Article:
Capehart explained that he was inside a relative’s house when a drive-by shooting happened. A bullet came through the wall and struck him. With the caliber of weapon fired, Capehart said that he probably would have died if he’d been struck outside. He was quickly airlifted to the hospital and had to go through a seven-hour surgery to save his life. Afterwards, he spent some time in the hospital and then a nursing home for months as he recuperated.

“I haven’t walked on my own since,” he said, gesturing to the walker he used to reach the podium.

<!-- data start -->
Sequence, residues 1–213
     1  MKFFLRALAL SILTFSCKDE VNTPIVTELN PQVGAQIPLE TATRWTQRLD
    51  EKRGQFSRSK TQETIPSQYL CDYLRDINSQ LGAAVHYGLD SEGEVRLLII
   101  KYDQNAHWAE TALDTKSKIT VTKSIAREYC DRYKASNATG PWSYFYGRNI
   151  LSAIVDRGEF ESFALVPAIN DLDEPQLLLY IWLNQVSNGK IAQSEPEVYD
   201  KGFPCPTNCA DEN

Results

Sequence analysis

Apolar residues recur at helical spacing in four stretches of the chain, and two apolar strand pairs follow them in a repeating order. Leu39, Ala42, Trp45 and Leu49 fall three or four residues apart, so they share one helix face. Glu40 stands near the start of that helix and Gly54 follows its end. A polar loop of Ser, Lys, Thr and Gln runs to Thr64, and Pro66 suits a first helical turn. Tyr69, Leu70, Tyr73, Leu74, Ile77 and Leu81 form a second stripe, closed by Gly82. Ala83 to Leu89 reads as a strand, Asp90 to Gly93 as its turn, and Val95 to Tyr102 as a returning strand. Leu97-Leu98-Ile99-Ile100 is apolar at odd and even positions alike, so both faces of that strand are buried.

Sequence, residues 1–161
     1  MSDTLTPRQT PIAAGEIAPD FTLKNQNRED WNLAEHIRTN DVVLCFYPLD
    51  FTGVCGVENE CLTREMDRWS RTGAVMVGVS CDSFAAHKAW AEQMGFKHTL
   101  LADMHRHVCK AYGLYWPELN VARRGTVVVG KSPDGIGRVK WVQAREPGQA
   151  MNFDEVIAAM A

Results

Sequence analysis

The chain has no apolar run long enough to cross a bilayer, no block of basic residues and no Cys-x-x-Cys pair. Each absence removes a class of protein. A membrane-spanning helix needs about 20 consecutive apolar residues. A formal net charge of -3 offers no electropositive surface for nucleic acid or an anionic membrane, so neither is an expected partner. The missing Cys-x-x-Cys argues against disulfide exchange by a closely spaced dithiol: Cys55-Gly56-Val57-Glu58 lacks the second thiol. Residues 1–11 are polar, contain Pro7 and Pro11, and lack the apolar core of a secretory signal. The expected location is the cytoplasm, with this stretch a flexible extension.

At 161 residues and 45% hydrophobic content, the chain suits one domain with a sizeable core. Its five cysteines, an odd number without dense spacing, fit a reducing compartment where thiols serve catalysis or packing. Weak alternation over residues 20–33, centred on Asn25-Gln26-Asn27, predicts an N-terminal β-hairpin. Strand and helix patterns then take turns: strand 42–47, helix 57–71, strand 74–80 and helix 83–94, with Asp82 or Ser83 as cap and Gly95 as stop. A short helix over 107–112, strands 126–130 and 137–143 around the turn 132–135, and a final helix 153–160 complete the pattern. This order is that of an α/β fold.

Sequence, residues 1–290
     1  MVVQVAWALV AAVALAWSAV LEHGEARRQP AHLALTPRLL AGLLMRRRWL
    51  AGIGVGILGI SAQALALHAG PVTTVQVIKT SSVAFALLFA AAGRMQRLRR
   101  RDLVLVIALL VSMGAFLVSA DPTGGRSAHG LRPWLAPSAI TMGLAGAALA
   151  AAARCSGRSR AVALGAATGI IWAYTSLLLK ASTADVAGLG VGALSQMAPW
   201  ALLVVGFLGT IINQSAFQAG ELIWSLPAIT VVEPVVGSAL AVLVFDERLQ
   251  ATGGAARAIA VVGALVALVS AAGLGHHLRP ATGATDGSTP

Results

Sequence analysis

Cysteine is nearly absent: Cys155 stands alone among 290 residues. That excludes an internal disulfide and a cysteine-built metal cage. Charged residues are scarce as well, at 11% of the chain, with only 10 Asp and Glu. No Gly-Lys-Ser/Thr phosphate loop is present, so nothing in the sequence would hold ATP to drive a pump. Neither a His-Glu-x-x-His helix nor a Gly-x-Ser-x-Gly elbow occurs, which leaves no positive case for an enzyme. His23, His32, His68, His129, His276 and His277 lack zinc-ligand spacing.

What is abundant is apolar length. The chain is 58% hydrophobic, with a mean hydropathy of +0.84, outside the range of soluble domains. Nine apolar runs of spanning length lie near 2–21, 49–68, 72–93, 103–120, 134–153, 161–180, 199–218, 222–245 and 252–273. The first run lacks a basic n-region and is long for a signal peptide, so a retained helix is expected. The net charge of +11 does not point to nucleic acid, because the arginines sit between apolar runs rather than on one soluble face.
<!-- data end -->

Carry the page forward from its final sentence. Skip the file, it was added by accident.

Capehart admitted that he wanted to give up while he was stuck in the hospital, unable to get back to work and his everyday life. But he credited support and prayer from his family to help get him through.

“You don’t have to be in no gang,” Capehart said, addressing the young people against the dangers of peer pressure. “Be the leader. Put down the guns.”

Sonynia Leonard, who serves as the Chief Juvenile Court Counselor for the 6B Judicial District, spoke about the juvenile justice system. She also offered a message of encouragement to the children, and reminded them that a split-second decision can change their lives.

“Over the last few years, there has been a drastic change in the types of charges that we’re getting, the types of crimes that are being committed, and the ages at which these charges are being committed,” Leonard said, explaining that many involve gun violence.